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16-08-2023  (329 lectures) Categoria: Articles

Where have all the cannons gone?

WHERE HAVE ALL THE CANNONS GONE?... FROM THE BARCELONA'S NAUTICAL SCHOOL....

By Daniel Romani
Newspaper ARA
August 14, 2023
Vista de la Facultat de Nàutica de Barcelona SOJ / FNBView of the Barcelona School of Nautical Studies, Barcelona SOJ / FNB

At the end of the eighteenth century the states promoted naval trade itineraries to have more income. They needed, therefore, to have a professional navy for trade, and also for the navy. From this need for pilots, several nautical schools were born.

In 1769 the Nautical School of Barcelona was created. It is the first nautical school in Spain. Free of charge, it was initially installed in an apartment in Barceloneta. The studies included a practical part of navigating America and northern Europe. Today, affiliated to the Universitat Politècnica de Catalunya (UPC), the Faculty of Nautical Studies is still active in a majestic neoclassical building dating from 1932 designed by the architects Adolf Florensa and Josep Vilaseca, which is well worth knowing.

"There is virtually no unemployment among those leaving the Faculty of Nautical. Both those who embark and those who work in the maritime port business sector find work," says Captain Agustí Martín, dean of the Barcelona School of Nautical Studies and ambassador of the International Maritime Organization (IMO), the UN's most important arm in the maritime field.

We are on the ground floor of the building of the Faculty of Nautical, under a large skylight, where the star piece is located: the ship San Carlos, a model of warship that was commissioned by Sinibald Mas, a seaman, from Torredembarra, who was already sailing at the age of 14, and founder of this School of Nautical. now Faculty of Nautical. This boat was made for a purely educational purpose: for students to learn the names of the parts of the ship and how the maneuvers are made. "It has 74 guns and a length of 3.7 meters", Juan Antonio Moreno, vice-dean for institutional relations and promotion of this faculty, who also accompanies me, tells me.

Cannons at home?

"Some guns are missing!" I tell them. "Yes, years ago there was a tradition that whoever finished their degree would take home a cannon; only a few did...", Juan Antonio replies. "A lousy tradition," I do. "Replicas have been made in the Faculty's workshop, but they are still missing," says Agust√≠. The originals were made of bronze, and now they are all made of wood," he adds. I can understand that in a moment of euphoria one takes a cannon home ‚Äď or you know where ‚Äď but I would choose to appeal to return them without any warning.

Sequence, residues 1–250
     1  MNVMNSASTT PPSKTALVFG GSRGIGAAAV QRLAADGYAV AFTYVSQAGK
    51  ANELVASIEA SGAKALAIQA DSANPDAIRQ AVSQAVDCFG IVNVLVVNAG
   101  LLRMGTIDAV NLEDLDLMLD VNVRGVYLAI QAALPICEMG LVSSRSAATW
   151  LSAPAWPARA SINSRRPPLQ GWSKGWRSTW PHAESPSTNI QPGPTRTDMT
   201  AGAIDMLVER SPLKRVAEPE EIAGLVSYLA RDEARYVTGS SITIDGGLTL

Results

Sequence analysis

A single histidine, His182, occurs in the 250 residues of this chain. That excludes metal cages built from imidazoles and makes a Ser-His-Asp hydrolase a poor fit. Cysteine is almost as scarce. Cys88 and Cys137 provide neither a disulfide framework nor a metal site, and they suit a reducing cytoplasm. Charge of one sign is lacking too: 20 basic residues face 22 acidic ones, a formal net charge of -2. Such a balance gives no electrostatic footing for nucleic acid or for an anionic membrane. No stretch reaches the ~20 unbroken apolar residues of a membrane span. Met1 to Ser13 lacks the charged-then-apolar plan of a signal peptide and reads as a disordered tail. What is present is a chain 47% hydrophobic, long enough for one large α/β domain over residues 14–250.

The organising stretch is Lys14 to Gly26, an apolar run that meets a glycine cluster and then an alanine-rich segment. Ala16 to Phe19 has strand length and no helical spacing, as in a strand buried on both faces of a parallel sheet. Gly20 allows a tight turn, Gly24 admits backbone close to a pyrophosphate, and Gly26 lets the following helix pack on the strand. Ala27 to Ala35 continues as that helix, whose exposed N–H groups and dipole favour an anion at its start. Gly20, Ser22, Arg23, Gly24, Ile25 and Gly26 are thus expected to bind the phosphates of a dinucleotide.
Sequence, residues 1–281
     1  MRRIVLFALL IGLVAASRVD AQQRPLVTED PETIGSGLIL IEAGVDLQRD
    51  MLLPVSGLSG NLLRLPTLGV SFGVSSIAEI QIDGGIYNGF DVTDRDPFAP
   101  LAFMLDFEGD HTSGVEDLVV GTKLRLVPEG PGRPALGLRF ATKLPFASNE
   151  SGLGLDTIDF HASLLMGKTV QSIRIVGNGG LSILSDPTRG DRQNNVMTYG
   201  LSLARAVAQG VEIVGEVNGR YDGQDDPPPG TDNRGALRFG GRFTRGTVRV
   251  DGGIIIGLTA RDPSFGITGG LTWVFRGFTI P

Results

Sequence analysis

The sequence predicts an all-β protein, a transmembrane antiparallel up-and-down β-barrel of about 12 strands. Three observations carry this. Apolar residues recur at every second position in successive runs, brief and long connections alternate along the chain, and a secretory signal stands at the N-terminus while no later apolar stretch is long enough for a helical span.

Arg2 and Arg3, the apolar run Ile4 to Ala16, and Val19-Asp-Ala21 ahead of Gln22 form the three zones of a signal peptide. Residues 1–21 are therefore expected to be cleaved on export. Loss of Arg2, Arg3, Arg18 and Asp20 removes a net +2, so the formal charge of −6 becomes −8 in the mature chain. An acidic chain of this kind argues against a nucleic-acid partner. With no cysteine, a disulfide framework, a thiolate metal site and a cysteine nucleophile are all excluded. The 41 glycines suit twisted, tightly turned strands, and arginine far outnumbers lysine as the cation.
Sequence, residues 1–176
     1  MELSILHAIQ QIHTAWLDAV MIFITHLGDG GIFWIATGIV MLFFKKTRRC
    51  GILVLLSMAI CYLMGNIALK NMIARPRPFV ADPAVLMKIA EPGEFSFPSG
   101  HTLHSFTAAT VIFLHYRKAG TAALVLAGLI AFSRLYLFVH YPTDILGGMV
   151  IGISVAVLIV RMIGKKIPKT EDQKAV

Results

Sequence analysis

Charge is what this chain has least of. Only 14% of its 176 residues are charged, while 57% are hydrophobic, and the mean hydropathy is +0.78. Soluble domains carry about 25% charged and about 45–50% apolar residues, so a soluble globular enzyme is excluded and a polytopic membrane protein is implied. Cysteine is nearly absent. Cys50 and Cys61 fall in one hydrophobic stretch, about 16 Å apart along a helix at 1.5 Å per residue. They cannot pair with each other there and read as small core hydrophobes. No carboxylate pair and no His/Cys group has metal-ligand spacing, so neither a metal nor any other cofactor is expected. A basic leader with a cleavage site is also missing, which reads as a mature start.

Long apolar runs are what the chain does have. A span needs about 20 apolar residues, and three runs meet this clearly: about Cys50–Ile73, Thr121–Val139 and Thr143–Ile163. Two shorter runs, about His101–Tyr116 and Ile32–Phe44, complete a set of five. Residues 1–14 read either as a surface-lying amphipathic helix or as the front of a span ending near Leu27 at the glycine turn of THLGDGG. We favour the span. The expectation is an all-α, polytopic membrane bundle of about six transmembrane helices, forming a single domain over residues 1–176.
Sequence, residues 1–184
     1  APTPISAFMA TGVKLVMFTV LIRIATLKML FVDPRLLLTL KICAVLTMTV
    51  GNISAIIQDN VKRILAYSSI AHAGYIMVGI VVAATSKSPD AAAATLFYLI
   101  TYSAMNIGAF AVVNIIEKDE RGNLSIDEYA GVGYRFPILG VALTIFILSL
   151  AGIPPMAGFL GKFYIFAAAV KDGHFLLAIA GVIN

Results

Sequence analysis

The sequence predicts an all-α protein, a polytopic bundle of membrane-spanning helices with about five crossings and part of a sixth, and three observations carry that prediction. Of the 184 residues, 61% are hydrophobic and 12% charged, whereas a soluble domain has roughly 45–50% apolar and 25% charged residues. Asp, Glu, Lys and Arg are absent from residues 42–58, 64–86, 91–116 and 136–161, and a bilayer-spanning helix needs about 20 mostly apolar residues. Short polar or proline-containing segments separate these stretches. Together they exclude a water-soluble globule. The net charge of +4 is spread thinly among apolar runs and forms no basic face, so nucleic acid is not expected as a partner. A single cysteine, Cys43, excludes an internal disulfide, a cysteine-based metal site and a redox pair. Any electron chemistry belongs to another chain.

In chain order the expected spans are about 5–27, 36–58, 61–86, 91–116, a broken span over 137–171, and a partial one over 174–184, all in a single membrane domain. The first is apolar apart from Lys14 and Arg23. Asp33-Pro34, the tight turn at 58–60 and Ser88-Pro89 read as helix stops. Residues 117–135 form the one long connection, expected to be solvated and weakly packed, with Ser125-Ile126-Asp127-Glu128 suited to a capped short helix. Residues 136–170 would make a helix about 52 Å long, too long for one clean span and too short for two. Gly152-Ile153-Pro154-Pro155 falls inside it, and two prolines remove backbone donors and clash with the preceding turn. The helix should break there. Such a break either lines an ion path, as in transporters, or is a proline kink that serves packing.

We go up to the first floor by a majestic staircase. When Juan Antonio was a student at this centre, he never walked in, due to this staircase, which was reserved for teachers: students went up and down a small side staircase.

I stop halfway up the staircase: on the wall, like an exterior window, there is a splendid leaded stained glass window depicting a rowing and sailing barn, which lets in a beautiful afternoon light, which acquires the colors of the stained glass window. Just in front of the stained glass window hangs an immense lamp representing the caravel Santa Maria, by Christopher Columbus.

On the first floor I look out into a classroom. It says "Room 11, Room 11, Classroom 11". When Catalan and Spanish are identical, should it be repeated? I think not. I see two girls among about thirty boys. "What percentage of girls are there among the students?" I ask Juan Antonio. "9%." Then Juan Antonio invites me to enter the planetarium ‚Äď an essential element in any nautical school. The front door is to the north. So when you go in, you're already oriented. Ah! And the planetarium entry reads: "Planetarium, Planetarium, Planetarium". Had?

We are now in the Dean's office. Under two octants there is a microwave, a sign that Agustí spends long days there and does not have time to go out to eat. Dean reminds me of some of the good times he's had as a sailor. He has enjoyed as a child through seas and oceans. "When I first embarked in the late seventies, the criminal and disciplinary law on the merchant marine was still in force. We weren't military but we were subject to the same regulations, extremely harsh," he says. It also reminds me of how important the captain has been. Some of its functions are gone. "Until the beginning of the twentieth century, the captain was a commercial agent, who bought and sold the cargo of the ship. Some Catalan captains played an important role in the slave trade during the second half of the nineteenth century." What has not changed is that, in case of difficulties at sea or shipwreck, the captain must be the last to abandon the ship.

THE THREE GREAT NAUTICAL SCHOOLS. Catalonia had three major nautical schools: Barcelona, Arenys de Mar and Mataró, and smaller schools in El Masnou, Vilassar, Tarragona... Thanks to these schools, Catalonia has had high-level pilots.

BRING YOUR HOME SHEETS FOR EXAMS. The School of Nautical Studies went through difficult times, of great hardship. Thus, some years of the Franco regime, students had to bring the sheets from home to take the exams: the School did not have money to provide them. In addition, teachers had rationed chalk to write on the board (one bar per class)

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